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IGA Group, Mario Fiorini, Curaçao Licence


‘Recent gambling infrastructure changes have increased the value of the jurisdiction drastically,’ says IGA Group Director Mario Fiorini.

This is a time of seismic change for the jurisdiction, with the new legislation – the LOK – having entered Parliament and key milestones set in place for the transition from the current regime to the new.

Changes of this magnitude deserve reactions of the same magnitude to make the most of the opportunity, and IGA Group’s unwavering belief in the potential of the newly evolved jurisdiction is why the company has already established a presence in Curaçao. The Groups has in fact set up offices and is completing a merger with a local trust company in order to extend its services to current and future operators in the region.

The central tenet running through the very heart of the legislative changes is the elimination of the Master License / Sublicensee structure. From now on all operators will hold licences directly with the Gaming Control Board. Alongside the revitalised structure is an update to AML and KYC procedures to bring Curaçao licences in line with international standards.

With the value of the Curaçao licence significantly improved thanks to these developments, IGA Group is now at the forefront in terms of servicing clients directly, while ensuring they’re in line with the new regulations.

Mario Fiorini, CEO of the IGA Group explains: “We are very excited by the opportunities brought about by this expansion, which perfectly aligns with the new legislative requirements. The Curaçao government has conducted a whole overhaul of the legislative framework surrounding gambling licences, with improved AML and KYC processes making the jurisdiction even more attractive, and the licence even more valuable, than ever for gaming entrepreneurs and companies looking to operate within a well-regulated and reputable jurisdiction.”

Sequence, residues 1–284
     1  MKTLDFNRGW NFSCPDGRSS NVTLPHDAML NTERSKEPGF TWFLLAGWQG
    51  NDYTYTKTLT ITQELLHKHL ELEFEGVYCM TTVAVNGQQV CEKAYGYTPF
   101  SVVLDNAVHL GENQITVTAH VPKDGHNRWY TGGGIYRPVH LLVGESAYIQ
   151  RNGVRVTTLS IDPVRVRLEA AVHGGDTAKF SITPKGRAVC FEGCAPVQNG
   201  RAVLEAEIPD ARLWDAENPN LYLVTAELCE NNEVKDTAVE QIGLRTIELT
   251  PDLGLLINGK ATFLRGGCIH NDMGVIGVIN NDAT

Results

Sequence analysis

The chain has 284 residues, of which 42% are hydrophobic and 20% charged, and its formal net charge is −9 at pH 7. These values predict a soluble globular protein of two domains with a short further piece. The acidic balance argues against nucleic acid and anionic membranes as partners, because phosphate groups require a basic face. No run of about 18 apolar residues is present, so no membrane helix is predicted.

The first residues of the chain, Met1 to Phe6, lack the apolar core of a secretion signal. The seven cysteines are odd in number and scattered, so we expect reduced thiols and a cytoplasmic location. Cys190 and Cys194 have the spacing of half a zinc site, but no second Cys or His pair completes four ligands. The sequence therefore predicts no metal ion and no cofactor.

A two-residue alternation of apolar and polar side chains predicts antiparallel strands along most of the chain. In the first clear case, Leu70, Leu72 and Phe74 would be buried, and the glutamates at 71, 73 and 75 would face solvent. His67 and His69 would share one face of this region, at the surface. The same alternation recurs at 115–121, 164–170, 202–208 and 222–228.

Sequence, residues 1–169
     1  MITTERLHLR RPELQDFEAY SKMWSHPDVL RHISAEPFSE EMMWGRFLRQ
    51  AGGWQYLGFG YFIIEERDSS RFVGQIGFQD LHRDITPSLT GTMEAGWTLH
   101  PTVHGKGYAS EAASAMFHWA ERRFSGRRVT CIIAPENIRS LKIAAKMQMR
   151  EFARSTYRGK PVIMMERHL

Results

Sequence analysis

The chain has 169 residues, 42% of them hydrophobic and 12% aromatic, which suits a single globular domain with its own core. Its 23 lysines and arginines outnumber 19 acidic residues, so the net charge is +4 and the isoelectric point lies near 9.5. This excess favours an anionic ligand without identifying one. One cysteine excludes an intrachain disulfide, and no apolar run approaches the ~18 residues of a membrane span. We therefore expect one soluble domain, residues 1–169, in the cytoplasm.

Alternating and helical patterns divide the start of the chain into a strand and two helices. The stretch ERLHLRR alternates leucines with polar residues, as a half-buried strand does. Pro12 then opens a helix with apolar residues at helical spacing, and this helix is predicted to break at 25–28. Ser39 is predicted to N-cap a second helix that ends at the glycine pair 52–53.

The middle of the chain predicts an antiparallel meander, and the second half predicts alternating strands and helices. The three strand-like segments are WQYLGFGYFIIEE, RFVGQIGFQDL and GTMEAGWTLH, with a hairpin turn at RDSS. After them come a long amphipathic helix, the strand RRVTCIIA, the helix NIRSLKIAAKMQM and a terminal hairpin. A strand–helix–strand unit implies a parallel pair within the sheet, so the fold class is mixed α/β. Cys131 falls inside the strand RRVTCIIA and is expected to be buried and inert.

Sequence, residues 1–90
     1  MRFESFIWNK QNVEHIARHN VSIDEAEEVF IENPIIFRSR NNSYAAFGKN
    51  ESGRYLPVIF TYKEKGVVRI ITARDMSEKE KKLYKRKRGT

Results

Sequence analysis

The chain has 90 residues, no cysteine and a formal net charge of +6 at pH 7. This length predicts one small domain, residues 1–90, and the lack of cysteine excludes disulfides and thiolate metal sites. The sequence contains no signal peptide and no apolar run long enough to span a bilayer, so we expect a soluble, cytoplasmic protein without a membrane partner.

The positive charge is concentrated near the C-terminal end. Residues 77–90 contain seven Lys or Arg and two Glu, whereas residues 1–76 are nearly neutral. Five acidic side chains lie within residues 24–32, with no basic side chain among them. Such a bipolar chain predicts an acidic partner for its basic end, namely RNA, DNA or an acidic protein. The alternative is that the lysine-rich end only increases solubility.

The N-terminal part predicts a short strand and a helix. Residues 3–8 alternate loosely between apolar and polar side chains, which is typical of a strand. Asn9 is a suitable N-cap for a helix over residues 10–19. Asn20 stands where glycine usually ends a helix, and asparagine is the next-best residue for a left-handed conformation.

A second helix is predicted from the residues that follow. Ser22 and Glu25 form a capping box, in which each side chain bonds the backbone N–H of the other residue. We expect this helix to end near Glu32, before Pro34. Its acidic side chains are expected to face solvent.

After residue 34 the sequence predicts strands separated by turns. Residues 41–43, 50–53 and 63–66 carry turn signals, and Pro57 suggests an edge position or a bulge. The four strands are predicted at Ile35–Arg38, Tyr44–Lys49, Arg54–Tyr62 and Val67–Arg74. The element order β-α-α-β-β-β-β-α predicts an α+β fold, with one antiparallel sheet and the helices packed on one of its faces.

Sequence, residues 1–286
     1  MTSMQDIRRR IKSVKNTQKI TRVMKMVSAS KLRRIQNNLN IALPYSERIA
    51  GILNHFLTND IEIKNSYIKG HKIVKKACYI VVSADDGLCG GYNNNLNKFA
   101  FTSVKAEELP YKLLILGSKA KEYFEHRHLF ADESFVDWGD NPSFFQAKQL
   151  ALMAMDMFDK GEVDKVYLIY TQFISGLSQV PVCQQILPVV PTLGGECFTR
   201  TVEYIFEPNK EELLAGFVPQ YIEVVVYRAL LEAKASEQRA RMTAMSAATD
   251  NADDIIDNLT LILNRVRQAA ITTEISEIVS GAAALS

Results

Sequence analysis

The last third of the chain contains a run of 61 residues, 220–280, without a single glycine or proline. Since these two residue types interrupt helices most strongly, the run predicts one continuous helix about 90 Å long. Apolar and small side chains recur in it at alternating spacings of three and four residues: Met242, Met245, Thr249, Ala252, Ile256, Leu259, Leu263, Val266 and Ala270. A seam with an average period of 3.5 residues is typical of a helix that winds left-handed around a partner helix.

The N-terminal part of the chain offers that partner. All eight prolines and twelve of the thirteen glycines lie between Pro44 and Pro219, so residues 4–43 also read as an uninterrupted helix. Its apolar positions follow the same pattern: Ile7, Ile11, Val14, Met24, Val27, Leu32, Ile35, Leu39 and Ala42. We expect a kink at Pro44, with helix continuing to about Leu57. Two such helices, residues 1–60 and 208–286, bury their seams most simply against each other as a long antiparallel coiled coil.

As was to be expected, the changes also brought about a measure of concern from operators and entrepreneurs who were not sure how their operations would be affected. Is the concern justified?
“Early on in the process there were unfounded claims that the new regulations would kill the industry in Curaçao, but it’s become abundantly clear the opposite is true. The intention behind them is to restructure, and more importantly improve the landscape, to make it more aligned with what you would expect a gambling jurisdiction to look like. It’s also to bring it up to par with how the people and the government would be expected to benefit from what’s probably the biggest industry in the country. A Curaçao licence under the new jurisdiction is already more valuable,” Mario explains.

The new amendments address one of the most pressing issues, which was that there was no requirement to have an operational presence on the island. With the government’s aim being to build Curaçao into a centre of excellence, the goal is to be able to build skills and education for what is essentially a very hi-tech industry.

“The other aspect that required tackling was AML, or anti-money laundering measures. The previous legislation was not up to the standards required by global financial authorities. If we look at what was happening in practice, for the most part the standards were actually present already, but there was no legislation to back them up,” Mario continues.

When viewed from a holistic perspective, he adds, the new regulations make a lot of sense and are not a surprise to anybody. The changes, in fact, aren’t expected to have any material impact on the vast majority of existing operators who already fulfil what are now considered to be industry standards.